Top 4 Loans for the Unemployed with Bad Credit

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If you’ve recently hit a financial rough patch, then a personal loan can help you get back on your feet. But if you’re unemployed and have bad credit, getting approved for a personal loan becomes substantially harder, though not impossible.

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To qualify for a personal loan, you need to understand what lenders are looking for and find a way to make your application more attractive. You also need to know what lenders are willing to work with borrowers in your situation.

Let’s look at how you can get a personal loan, even if you’re unemployed and have bad credit. I’ll also share some alternatives you can consider if a personal loan isn’t an option for you.

Can I apply for a personal loan if I’m unemployed?

If you’re unemployed, getting approved for a personal loan may feel like a long shot. But being employed in a part-time or full-time job isn’t a requirement for a personal loan.

Instead, lenders are looking to see that you have a regular income and can handle the monthly payments. So if you can provide proof of income, you’ll improve the odds of approval.

For most people, their primary source of income is a job. But lenders will consider alternative sources of income which includes things like:

  • Social Security payments
  • Retirement
  • Disability payments
  • Your spouse or partner’s income
  • Alimony or child support

How Lenders Evaluate Loan Applications

Personal loans are riskier than other types of loans because they don’t require any collateral. So if you default on the loan payments, your lender will take a financial loss on that loan.

That’s why lenders want to see that a borrower can repay the loan amount. So when you apply for a loan, most lenders will focus on the following criteria:

  • Source of income: You don’t have to be employed to take out a personal loan, but you do need to have proof of income. This income can include disability payments, Social Security, and more.
  • Debt-to-income ratio: Lenders will calculate your debt-to-income ratio by dividing your total monthly debt payments by your monthly income. If your debt-to-income ratio is high, this can indicate you would have a hard time managing another monthly loan payment.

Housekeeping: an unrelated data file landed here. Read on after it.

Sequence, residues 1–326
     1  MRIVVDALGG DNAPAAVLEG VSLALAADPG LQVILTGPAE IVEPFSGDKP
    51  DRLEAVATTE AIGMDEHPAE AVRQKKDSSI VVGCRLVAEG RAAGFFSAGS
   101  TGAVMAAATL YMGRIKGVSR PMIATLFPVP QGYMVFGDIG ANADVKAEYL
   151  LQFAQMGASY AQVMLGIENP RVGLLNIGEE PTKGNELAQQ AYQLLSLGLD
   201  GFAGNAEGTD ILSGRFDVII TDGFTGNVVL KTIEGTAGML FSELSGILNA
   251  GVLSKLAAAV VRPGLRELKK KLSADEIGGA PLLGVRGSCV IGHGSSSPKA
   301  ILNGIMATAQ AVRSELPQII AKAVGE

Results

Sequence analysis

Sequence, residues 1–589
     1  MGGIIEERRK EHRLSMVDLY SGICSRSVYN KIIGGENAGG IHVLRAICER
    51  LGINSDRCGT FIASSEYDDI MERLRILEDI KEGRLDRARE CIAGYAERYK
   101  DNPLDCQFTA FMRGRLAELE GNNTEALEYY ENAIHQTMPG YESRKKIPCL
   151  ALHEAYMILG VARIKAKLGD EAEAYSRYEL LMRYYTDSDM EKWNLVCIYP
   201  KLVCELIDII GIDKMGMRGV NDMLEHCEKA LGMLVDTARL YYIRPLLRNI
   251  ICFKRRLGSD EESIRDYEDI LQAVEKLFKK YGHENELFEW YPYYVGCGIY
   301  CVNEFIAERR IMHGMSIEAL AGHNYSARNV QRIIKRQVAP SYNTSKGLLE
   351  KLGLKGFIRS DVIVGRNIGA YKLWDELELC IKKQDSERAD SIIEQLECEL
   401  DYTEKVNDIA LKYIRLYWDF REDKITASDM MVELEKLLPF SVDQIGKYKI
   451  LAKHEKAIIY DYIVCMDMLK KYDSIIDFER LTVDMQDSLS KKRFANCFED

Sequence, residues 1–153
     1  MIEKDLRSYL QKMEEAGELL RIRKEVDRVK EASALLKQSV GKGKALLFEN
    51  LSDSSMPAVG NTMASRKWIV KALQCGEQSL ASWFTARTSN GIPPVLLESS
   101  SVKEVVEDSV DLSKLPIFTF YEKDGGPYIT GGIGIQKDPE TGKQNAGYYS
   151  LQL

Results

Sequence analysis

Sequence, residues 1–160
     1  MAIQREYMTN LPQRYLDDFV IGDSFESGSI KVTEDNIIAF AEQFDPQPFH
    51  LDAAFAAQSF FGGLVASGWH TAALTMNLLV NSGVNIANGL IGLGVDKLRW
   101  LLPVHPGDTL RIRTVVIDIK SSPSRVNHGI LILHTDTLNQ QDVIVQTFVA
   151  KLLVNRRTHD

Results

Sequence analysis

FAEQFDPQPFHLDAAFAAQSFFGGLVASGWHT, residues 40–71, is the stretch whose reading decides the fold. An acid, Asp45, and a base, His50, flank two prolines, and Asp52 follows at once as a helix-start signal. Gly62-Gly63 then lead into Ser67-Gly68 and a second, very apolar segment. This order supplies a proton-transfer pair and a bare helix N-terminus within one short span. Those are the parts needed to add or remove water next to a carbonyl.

• Credit history: And finally, lenders will consider your credit history. This history includes your credit score, payment history, and any recent charge-offs on your account.

4 Personal Loans to Consider for Bad Credit

If you’re unemployed and have bad credit, some online lenders will still be willing to work with you. Listed below are four lending marketplaces you can consider.

1. MoneyMutual

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MoneyMutual is a lending marketplace that specializes in working with borrowers that have bad credit. You could qualify for a loan of up to $2,500 and receive the funds within 24 hours. But to be considered for a loan, you will need to show a monthly income of at least $800. However, that income doesn’t have to come from employment.

Read More: Check out our full review of MoneyMututal.

2. CashUSA

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CashUSA offers short-term loans between $500 and $10,000, with an interest rate between 5.99% and 35.99%. The company doesn’t require you to submit your credit score, and your credit score won’t affect the terms and conditions of your loan.

However, you will need to show you bring in at least $1,000 in monthly income. Funds will be directly deposited into your bank account.